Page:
Finally, randonnuering in this area is taking off. More riders are riding distance, and that ups the chances that you will see a wider range of gear being implemented. While many still depend on battery lights and multiple LED headlamps, many others are springing for generator systems. Once the benefits are realized and the math performed on battery costs, they start to make good sense for riders that will continue to do long rides into the night. This was the case this year - in prep for PBP, riders showed up good numbers, and there were many different lights to see, including the Schmidt E6. One randonnuer has a gorgeous Rivendell Romulus with TWO Schmidt E6 lights, one primary, one secondary, mounted low on the fork. This was my first time seeing the E6 in full darkness on a non-streetlit road. At first he only had the primary switched on, but it was already apparent. The pattern is tight and bright. I mean BRIGHT. Yes, the optics are the key - and while the Lumotec has terrific optics and produces a good pattern to see the road, with the top of the beam being brighter than the bottom for good even lighting, the Schmidt takes this even farther and the result is a trapezoidal beam pattern with a sharp horizontal cutoff at the top - you literally get a lane-sized polygon of perfectly even and wicked bright light right where you want it. Then, he turned on the secondary light for a downhill. Twice as bright - the road was illuminated as to give the same confidence on a downhill that one would have in bright daylight. The edges of the road were clear, the darker spots on the pavement were easily shown as just that - spots - as opposed to potholes. With the secondary aimed slightly higher, the pattern on the road was excellent. There are motorcycle headlights that don't do this good a job. Seriously.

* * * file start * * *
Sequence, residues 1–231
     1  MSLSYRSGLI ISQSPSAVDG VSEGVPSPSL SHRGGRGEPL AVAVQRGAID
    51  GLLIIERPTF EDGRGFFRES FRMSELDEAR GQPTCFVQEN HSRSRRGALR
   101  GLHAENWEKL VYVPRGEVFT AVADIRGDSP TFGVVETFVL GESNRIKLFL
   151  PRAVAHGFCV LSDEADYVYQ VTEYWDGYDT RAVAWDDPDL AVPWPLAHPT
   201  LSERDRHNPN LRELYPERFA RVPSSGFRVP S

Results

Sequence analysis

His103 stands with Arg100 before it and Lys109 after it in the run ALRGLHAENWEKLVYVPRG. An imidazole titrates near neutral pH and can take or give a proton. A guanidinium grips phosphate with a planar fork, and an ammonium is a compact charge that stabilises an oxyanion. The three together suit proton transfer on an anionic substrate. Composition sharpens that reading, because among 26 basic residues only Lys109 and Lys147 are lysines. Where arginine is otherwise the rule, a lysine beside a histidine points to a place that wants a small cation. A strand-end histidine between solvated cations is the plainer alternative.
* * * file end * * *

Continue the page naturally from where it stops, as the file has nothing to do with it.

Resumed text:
Later that night, I was teamed up with Dale and Ed, and Ed also had the Schmidt E6 mounted up on his handlebars. With the higher mounting point, I expected the pattern to suffer a little, as is normally the case - but again, I was simply shocked. riding side-by-side down MO-58 in the dark, I could not even discern MY headlight beam because his was so overpowering. FROM THE SAME BULB and HUB. Keep in mind, all things indeed are equal in this comparison: we are both using the Schmidt SON dynohub, and both lights use Philips 3W,6V light bulbs which are interchangeable between brands of light. The Schmidt is simply THAT much better.